Gross Misinformation on the Net

May 10, 1999

AS THE POPULARITY of the Internet increases, it has become quite common to turn to the Internet for information. One tends to favor the Internet because it is becoming easy to use and can provide information about a vast number of subjects. I hear quite often that the Internet is the best source for information retrieval today.

The worrying thing is that more and more people also tend to blindly trust the content they find on the Internet, although they have little or no information about the person or organization behind the content.

I recently visited St Andrews Inn in Stockholm with a few friends. Beforehand, I had checked out the St Andrews Inn web site and so I knew what beer they had to offer. But upon my request for a Double Diamond, the bartender merely shook his head and replied: “- We don’t have that.” Dumbfounded, I went through the beer list on the chalkboard and ordered a Hansa. I had known that they had Double Diamond because their web site stated that fact. And yet, in real life, they did not offer that beer. It’s at times like these when you really need a kick to the head to get your thoughts straight.

THE INTERNET IS the largest contributor of misinformation today. Nowhere else can you spread lies and rumors at lightning speed around the globe; lies and rumors that we all believe because we want to believe them, and besides… they originated on the Internet so they must be true. But even if people are not spreading lies and rumors, they may be hosting out-of-date web sites, another great misinformation source. And as few sites have dedicated webmasters working on them, keeping them up-to-date, the number of misinformation sources are steadily increasing!

Why do so many believe the Internet? Experts claim that it is due to the belief that computers don’t make mistakes. And since the academic-scientific community has developed the Internet, people tend to place far too much trust in stories merely because they appear on a computer screen.

A few weeks ago somebody spread the rumor, on the Internet, that Mariah Carey, upon hearing news that the King of Jordan had died, said the following: “I’m inconsolable at the present time. I was a very good friend of Jordan. He was probably the greatest basketball player this country has ever seen; we will never see his like again.”

Of course, Mariah Carey never said anything like this, but millions of people still believe it to be true. The story spread like wildfire across the Internet, and ran in many tabloids. Somebody wants Mariah Carey to look bad and few people bothered to doubt the authenticity of the statement. It makes you wonder what other stories people could make up and have you believe as a fact. Could medical web sites be fabricated? What happens when people’s lives are at stake? What if someone consults a bogus doctor over the Internet? What if a mother nurses her sick child according to the instructions of an out-of-date web page, or one published by a 14-year old as a joke?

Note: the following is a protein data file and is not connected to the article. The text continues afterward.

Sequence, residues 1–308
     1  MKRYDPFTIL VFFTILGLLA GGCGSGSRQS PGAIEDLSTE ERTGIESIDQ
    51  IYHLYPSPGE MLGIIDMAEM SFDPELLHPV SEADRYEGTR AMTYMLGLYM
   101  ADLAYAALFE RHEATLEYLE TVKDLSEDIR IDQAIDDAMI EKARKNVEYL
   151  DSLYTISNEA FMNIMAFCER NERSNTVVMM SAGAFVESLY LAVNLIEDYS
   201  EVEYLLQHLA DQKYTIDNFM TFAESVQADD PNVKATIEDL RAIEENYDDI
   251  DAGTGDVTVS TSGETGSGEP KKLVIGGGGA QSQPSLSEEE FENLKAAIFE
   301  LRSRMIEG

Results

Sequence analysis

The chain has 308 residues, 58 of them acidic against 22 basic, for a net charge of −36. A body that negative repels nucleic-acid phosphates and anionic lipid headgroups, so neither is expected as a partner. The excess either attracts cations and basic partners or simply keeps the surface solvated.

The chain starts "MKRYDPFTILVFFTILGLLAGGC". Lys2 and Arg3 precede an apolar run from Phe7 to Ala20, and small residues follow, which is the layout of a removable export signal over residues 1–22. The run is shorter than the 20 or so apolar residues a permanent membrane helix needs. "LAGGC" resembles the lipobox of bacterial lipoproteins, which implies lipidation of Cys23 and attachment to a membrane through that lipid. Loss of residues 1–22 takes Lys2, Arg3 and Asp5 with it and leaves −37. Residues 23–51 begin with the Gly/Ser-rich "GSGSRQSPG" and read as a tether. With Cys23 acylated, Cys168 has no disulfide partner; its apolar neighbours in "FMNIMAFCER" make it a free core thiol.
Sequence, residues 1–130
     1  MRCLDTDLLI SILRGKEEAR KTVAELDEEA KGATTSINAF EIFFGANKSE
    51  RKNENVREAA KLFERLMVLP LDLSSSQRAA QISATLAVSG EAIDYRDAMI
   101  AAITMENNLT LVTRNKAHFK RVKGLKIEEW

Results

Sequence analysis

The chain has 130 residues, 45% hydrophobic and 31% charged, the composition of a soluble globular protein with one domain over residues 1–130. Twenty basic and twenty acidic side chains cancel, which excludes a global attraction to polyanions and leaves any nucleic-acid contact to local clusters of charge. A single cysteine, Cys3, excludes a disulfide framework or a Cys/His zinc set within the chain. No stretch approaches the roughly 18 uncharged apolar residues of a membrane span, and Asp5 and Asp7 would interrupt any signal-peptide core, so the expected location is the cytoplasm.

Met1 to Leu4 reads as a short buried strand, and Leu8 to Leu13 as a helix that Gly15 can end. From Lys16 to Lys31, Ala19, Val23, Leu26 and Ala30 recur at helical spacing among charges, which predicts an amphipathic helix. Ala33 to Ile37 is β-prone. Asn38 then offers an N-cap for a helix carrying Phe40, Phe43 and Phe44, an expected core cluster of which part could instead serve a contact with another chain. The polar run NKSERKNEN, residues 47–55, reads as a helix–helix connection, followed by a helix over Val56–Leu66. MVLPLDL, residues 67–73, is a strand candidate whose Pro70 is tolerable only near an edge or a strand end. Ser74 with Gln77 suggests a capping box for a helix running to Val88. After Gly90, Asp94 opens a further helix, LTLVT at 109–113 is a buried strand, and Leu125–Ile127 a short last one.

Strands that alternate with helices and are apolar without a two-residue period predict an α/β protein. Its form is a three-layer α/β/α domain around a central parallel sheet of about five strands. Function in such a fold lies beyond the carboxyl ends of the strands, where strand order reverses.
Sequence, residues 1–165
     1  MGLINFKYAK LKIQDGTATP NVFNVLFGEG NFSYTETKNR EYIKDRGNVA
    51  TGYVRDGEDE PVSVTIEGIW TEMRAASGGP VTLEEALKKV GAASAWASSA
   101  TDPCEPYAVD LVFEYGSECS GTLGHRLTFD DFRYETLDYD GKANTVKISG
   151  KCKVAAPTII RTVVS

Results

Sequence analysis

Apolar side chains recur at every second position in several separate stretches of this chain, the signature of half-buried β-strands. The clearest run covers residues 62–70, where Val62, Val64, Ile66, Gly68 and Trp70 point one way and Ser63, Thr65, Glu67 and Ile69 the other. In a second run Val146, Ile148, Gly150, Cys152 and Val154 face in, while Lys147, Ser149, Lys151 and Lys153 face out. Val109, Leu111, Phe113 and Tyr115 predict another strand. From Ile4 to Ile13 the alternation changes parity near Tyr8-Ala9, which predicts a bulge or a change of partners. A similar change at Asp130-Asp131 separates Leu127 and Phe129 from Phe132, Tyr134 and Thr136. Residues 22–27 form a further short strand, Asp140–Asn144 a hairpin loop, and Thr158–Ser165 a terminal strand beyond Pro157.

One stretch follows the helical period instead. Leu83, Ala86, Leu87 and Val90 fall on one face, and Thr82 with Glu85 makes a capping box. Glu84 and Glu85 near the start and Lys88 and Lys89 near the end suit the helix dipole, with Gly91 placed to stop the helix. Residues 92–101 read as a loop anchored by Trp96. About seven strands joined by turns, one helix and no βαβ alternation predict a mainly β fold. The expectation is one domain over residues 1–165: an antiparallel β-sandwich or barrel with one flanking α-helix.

THE INTERNET FORCES us to take responsibility for own actions, thoughts and beliefs about what is the truth. Take a minute to apply a critical mind to content you find on the Internet. If you don’t think twice before forwarding an e-mail message to your friends and colleagues, you may be contributing to further misinformation.

As many of you know, each year the Internet must be shut down for 24 hours in order to allow us to clean it. The cleaning process, which eliminates dead e-mail and inactive ftp, www and gopher sites, allows for a better-working and faster Internet.

This is an e-mail joke that turns up around April Fools day every year, stating that the Internet will be closed during a day for spring cleaning, as old sites are being removed. To me, it sounds like a brilliant idea.

Meanwhile, be skeptical… be very, very skeptical. Because your local bar may not have the beer their web site claims.

Per Axbom

Per Axbom

@axbom

Per Axbom is a Swedish communication theorist born in Liberia. For two decades he has educated digital professionals and helped organizations with digital usability and accessibility. Per makes tech safe and compassionate through reflective reasoning, human-considerate design, coaching and teaching. You can hear his voice on UX Podcast.

Digital compassion book cover Per's recent handbook on managing ethics in tech, Digital compassion, is available to order from Amazon in Kindle format. Send an e-mail to Per for more options.

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